By Kerry McDermott
Hungover staff could cause headaches for employers
It is the "illness" that strikes every four years in England, spreading like wildfire around workplaces and leaving rows of empty desks in its wake. World Cup fever.
As Wayne Rooney and his team-mates prepare to head to South Africa in June, many employers will be anticipating suspicious levels of staff sickness during the month-long football tournament.
A survey of more than 400 England fans commissioned by betting website Betfair revealed 32% would consider skipping work to watch a crucial game this summer.
The figure rose to 68% among respondents who regularly attended football matches.
With the opening ceremony fast approaching, can companies avoid reduced manpower on match days?
Or should bosses with an office full of ardent England fans simply resign themselves to the inevitable?
According to Jacqui Mann, managing director of Wiltshire-based human resources firm J Mann Associates, employers should take a proactive approach to preparing for football mania this summer.
"Companies do need to start thinking about it because otherwise they will tend to get a lot of people going absent," she said.
"Most of the England matches aren't going to be taking place within normal working hours - but of course not everybody works 9am to 5pm."
Ms Mann pointed out that should England do well in the competition, excitement among supporters will build and each game will be more "unmissable" than the last.
"Then of course you've got the knock-on effect of the hangover the day after the game," she added.
Staff absence could rise during the World Cup, according to a survey
She said it was important to consider all staff when preparing for the World Cup, as many workers could be supporting teams other than England.
"Bosses should be talking to their staff to find out which people are interested in which matches, and when they are taking place," Ms Mann said.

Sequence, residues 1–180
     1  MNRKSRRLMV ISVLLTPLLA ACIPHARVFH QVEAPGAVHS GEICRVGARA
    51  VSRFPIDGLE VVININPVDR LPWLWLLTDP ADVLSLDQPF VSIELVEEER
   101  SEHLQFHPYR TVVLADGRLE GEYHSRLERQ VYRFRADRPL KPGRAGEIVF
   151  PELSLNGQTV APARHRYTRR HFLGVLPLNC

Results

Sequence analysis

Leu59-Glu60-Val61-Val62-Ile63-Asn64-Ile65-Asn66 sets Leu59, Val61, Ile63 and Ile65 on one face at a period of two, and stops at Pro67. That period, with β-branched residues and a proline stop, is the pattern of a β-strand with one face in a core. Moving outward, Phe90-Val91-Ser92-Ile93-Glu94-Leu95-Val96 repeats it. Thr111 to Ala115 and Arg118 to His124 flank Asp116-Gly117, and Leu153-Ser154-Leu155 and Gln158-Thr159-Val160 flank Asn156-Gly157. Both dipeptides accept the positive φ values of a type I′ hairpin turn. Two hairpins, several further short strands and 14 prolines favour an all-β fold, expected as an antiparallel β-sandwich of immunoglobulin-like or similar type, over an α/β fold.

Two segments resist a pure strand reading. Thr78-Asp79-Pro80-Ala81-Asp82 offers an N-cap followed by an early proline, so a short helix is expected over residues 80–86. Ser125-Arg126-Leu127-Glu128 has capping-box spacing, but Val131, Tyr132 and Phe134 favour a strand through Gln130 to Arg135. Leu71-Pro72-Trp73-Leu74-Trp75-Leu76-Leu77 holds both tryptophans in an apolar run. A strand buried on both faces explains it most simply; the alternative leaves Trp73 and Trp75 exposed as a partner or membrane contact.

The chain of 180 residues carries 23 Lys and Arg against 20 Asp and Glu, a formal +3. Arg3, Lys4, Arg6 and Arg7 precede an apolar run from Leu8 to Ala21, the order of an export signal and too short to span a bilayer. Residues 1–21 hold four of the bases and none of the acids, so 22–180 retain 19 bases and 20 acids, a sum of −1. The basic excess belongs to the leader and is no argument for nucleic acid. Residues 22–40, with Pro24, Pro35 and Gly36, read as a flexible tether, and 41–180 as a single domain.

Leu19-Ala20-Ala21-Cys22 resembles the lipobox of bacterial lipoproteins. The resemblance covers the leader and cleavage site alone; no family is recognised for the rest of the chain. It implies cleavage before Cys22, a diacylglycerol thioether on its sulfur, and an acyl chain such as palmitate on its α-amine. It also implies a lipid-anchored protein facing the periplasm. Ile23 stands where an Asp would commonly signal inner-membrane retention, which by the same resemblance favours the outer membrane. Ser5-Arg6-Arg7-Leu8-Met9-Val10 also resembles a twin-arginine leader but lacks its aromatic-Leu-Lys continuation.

At the Birmingham head office of the Phoenix Group, a business which deals with closed life and pension funds, a marquee is being put up to allow staff to watch the England versus Slovenia game, which kicks off at 1500 BST on 23 June, and, as the final group match, could be crucial for the team's chances of progressing.
More than 250 employees are expected to pile into the marquee, where food, alcoholic beverages and soft drinks will be available.
Mike Merrick, chief executive of Phoenix, said: "At Phoenix, sports and social activities play an important role in the company's ethos.
"Our staff are big football fans so we didn't want them to miss a crucial England world cup game.
"We're laying on a seated marquee with multi-screens, drinks and nibbles to ensure they can watch it in style."
Supermarket chain Asda is giving employees who want to head to South Africa for the tournament the option to take unpaid leave, or a "safari sabbatical".
While workers staying at home can arrange shift swaps to ensure they don't miss taking in the action on screen.
But a poll of more than 1,000 employers carried out by the Chartered Institute of Personnel and Development (CIPD) revealed nine out of 10 had no plans in place to help manage staff absence during the 2010 World Cup.
CIPD adviser John McGurk said it was "alarming" that only 10% of employers were putting guidance in place.
The organisation has now issued advice for employers on how to maintain a harmonious workplace during the heady days of the tournament.
"Whatever individual organisations decide is right for their employees, guidance should be clear and communicated well," said Mr McGurk.
Suggestions include offering shift swaps or flexible working hours to allow staff to catch crucial games, or screening matches on work premises.
The CIPD also recommends encouraging workers to use up annual leave to discourage absenteeism and poor performance through "over-indulging in alcohol".